Every night our bodies come in close contact with this essential material, yet rarely have a lot of people ever heard of it: MATTRESS TICKING. The purpose of this information is to provide advice about the rich background and the evolution of this important home textile that serves as the outer covering of each and every mattress made. There are lots of books on the history of textiles-but rarely does an index mentions ticking.
Having been a business purchasing manager of mattress ticking-I later became frustrated on my quest to discover the genesis of the term and also the technical description. I contacted a professor of air duct material I knew at Southern Polytechnic Institute in Marietta, Georgia; he didn’t know but gave me the names of two retired textile history professors from Clemson. Both men told me they failed to understand what original tickings were-and had never been asked! So, I’m sharing about two decades of my own, personal research-which may prove a bit technical but which is my purpose.
Specialty textiles, including mattress ticking, were first engineered in Medieval Italy (1100-1400) and followed various guild prescriptions which covered the locations, loom types and combination of materials. Mattress ticking were a strict weave fustian which had a linen warp as well as a cotton weft. These blended yarn products were called Union Weaves later in Europe. Simple monochrome stripes of plain or tabby weaves were produced along with four heddle twills, checks, herringbones in heavier muslins and buckrams.
Terlici were triple-twilled fabrics created using a combination of linen and hemp warp and cotton weft and were heavyweight sturdy mattress ticking. Plain, striped, and checked burdie were linen warp and cotton weft tickings. Milan offered an acordati which were single, double or triple ribbed cords mixing linen and cotton warp yarns in mixtures of twelve linen to 3 cotton or eight linen to generate a heavy grade cloth. Milan also produced banerie that had been heavy 100% cotton cloths in which the steleta were graded as mattress ticking.1
Ticks/Ticking talking about the oxford fabric as a mattress of bolster casing enters English in Fabyan’s Chnonicles 1305-other sources more common in 1365. Various cotton cloths including ticking and also the word cotton (from Arabic “qutun”) was imported into England in about 1507 because duties were quickly applied because the country tried to protect the domestic wool textile industry.3 “Cotton-wool” as it was described, continued to develop popular in spite of British regulations to halt it. The 1660 Tonnage and Poundage Act applied 7-1/2 percent ad valorem duty on linens (including tickings) and further duties followed to ensure that by 1714, an example case of 500 ells of striped broad German linen valued at 400 pounds Sterling had an additional duty of 203 pounds.4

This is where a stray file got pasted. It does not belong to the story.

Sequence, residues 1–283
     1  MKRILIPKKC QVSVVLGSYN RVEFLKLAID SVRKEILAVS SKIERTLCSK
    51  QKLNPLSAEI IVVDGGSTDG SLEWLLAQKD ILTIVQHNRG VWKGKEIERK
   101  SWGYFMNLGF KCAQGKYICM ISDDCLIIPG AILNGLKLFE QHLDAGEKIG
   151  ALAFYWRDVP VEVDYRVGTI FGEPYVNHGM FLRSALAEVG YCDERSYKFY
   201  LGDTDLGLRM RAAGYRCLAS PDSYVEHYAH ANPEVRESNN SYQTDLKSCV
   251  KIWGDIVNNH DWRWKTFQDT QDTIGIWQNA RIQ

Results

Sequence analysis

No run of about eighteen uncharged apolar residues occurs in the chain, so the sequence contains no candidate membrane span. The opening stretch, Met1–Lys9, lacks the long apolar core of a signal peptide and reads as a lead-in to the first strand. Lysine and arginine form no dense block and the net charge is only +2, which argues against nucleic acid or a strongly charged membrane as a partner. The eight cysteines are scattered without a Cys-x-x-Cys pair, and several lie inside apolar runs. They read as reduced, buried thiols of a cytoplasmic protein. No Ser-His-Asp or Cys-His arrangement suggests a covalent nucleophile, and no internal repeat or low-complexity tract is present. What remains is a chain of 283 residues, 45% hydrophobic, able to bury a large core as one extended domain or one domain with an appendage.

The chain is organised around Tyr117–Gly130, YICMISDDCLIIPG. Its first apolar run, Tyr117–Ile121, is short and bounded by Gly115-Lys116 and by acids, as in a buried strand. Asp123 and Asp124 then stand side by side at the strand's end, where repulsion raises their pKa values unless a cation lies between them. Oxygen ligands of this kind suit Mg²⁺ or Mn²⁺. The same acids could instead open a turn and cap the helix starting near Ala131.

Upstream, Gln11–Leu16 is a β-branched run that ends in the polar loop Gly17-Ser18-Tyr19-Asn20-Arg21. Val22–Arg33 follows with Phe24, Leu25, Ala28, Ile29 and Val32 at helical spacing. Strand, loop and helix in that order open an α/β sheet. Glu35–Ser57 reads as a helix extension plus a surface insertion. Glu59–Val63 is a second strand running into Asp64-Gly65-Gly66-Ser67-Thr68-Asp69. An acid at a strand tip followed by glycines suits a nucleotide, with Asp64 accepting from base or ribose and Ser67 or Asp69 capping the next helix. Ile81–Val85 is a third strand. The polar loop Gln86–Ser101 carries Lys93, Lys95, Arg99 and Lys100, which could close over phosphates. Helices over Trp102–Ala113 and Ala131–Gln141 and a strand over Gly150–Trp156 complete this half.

The initial utilization of cotton in Lancashire, England appears to happen to be used by fustian weavers in 1601 (fustians were linen and cotton mixed blends)-this cloth possibly being “domestic” ticking grade. As has become explained, Italian guild specialty formulas abounded. Through migration as a result of religious reasons, several weavers left Italy to settle in Germany inside the cities of Ulm and Augsburg-this new German cloth with linen warp and cotton weft called barchent. Prior to the end of the 16th century these textile producers were in Nurnburg, Hof, Zwickau, Leipzig, and Chemintz and Germany advanced before all European countries in cotton manufacture.
In 1561, England allowed a mass migration of 406 persons from Flanders Nevertheless the outbreak of the Thirty Years War, that cotton product had all but ceased. However, during the period of decades, many textile craftsmen proficient in cotton had settled in England and also by mid-1700s thousands of home shops were producing goods including ticking and raw cotton imports had jxtjsh from 1,545,472 million pounds in 1730 to 3,870,392 pounds in 1764. After Richard Arkwright kicked from the Industrial Revolution together with his Spinning Jenny and Water-frame, the volume of cotton imports in 1780 was 32 million pounds.6
British trade cards mention ticking being a product available for sale. In 1750, William Witton of Southwark mentions Flanders & English Ticking on the market; Nathaniel Hewitt of Southwark also mentions Flanders & English Ticking for sale in 1768. Between 1770-1820 Arkwright’s innovation developed a textile giant in Manchester, England. By 1813, Boston Manufacturing Company became the largest textile producer in the United States. Amoskeag Mills was developed in Manchester, New Hampshire on the Merrimack River and through mid-1850 the mighty factory had 24,000 looms and 662, 000 spindles in a complex of over 5 million sq . ft .. Amoskeag Mills, which held the title from the World’s Largest Textile Mill up to 1910, introduced what is one of the world’s most favored mattress ticking: the ACA Stripe. This oxford mattress cover was based off ancient Italian form of a thin and thick alternative stripe of black or dark blue color- but was manufactured with 100% cotton. ACA was by far the most desired for quality bedding and mattresses.